Tuesday, June 12, 2012

The Fear Behind Common Job Search Discrimination

Whether we like to admit or not, discrimination is a factor that we will all face at some point in our lives. Discrimination is born from ignorance or fear. When you face discrimination in your job search, you must make it your mission to educate your discriminator (your potential employer) and help them overcome their fears. Let's look at three of the most common causes of discrimination and examine how we can overcome them.

Age Discrimination
Age discrimination is based on the fear that the potential employee is lacking in several key areas. The employer may feel that you lack the energy to do the job. They may fear that you are not flexible and open to changes in the industry or technology. They also may fear that they can't afford you.

Most of these fears can be dealt with in an interview. Therefore, the first step to overcoming these fears is to ensure that an employer has no idea of your age from your resume. Don't go back farther than 10 years - 15 years maximum - on your resume. Don't list dates of education, especially if those dates are before the last 10 years. Second, make sure you keep updated on changing industry standards and trends a well as emerging technology. Last, be sure to express energy, enthusiasm, and vitality in the interview.

In a job market where many people are "underemployed" this is a common problem. The overqualified stigma is based on the fear that you will just leave when something better comes along and the fear that they can not afford your salary.

To overcome this fear, be sure to clarify that you are looking to work for their specific company, cite some reasons why you chose their company based on your research, and finally express your interest in tenure and your focus toward long-term employment. In terms of salary, make every effort not to discuss how much you want to make until they make you a job offer.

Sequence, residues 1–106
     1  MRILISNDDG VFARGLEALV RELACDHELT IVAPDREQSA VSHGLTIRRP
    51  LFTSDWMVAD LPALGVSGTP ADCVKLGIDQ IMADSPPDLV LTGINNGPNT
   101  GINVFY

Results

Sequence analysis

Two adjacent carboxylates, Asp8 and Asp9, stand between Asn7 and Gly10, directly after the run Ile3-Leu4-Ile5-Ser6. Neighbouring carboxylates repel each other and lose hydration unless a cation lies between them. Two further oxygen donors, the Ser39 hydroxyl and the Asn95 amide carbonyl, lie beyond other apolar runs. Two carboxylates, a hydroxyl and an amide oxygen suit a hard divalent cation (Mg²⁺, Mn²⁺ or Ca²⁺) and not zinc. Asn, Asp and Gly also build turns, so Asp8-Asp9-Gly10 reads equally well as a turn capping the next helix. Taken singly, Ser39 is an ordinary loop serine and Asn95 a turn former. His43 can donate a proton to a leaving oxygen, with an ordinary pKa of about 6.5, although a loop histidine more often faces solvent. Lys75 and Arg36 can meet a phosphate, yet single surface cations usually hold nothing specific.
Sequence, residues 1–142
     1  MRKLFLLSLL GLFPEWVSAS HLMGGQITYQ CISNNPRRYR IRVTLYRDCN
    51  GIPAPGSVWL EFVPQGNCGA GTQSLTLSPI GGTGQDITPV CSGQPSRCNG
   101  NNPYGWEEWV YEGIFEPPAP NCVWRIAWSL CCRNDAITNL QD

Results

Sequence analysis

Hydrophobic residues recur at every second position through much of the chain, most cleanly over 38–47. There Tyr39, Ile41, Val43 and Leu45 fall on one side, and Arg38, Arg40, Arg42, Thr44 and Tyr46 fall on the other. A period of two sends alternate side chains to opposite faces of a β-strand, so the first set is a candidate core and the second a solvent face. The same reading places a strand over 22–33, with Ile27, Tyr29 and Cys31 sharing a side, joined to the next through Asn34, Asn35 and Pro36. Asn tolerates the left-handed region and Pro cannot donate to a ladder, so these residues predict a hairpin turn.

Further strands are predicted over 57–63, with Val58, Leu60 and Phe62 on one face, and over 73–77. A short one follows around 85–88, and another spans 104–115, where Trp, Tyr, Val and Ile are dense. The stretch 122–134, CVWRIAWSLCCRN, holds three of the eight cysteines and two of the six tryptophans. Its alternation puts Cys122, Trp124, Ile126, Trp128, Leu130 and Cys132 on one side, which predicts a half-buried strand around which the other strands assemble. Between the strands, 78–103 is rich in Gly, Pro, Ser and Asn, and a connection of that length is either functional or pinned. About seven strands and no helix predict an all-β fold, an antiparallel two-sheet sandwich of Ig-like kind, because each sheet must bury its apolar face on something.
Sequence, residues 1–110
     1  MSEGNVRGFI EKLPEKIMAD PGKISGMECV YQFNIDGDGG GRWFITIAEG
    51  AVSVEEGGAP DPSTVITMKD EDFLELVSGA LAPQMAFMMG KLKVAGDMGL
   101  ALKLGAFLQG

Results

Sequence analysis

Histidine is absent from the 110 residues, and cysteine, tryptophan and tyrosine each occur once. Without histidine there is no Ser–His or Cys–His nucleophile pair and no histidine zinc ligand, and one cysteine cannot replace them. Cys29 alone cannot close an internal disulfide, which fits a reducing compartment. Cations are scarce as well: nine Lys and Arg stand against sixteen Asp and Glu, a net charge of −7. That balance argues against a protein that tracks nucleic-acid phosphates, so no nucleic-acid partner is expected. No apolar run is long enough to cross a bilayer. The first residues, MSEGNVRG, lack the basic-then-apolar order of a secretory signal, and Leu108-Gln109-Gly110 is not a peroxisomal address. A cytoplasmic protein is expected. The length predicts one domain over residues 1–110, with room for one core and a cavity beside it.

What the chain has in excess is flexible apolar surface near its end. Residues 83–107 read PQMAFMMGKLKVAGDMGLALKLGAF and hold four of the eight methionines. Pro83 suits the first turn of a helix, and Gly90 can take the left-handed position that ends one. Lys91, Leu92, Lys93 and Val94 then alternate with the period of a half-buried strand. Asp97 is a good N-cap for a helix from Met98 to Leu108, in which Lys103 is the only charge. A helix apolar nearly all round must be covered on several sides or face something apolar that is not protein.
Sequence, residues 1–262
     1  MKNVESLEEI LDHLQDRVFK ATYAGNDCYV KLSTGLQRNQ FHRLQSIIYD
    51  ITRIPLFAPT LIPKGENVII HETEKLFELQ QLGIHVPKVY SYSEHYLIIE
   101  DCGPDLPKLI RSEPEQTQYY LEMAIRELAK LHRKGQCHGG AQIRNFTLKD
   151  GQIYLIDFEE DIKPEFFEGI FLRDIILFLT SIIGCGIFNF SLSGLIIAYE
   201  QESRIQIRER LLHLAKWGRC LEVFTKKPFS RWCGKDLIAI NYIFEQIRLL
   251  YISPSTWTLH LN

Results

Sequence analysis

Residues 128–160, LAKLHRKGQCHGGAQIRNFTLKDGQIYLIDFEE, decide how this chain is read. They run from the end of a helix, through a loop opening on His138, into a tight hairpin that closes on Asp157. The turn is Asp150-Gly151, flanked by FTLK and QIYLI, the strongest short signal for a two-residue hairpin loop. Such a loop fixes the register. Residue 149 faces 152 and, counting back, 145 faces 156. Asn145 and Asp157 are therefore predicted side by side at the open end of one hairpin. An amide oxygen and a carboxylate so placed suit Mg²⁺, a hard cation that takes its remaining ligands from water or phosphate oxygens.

Sexual Discrimination
Believe it or not, discrimination based on whether you are male or female is still prevalent in the job market. Often employers will discriminate against a woman because she has family and children at home that will take her focus away from work. Often this form of discrimination is based on ignorance of your capabilities.

No matter whether you are male or female, I recommend leaving your personal life (marital status, kids/no kids, ages of kids) out of the interview. Instead focus on what value you can bring to the company. Showing hands-on experience performing the tasks for which you are applying should help to overcome much of these fears.

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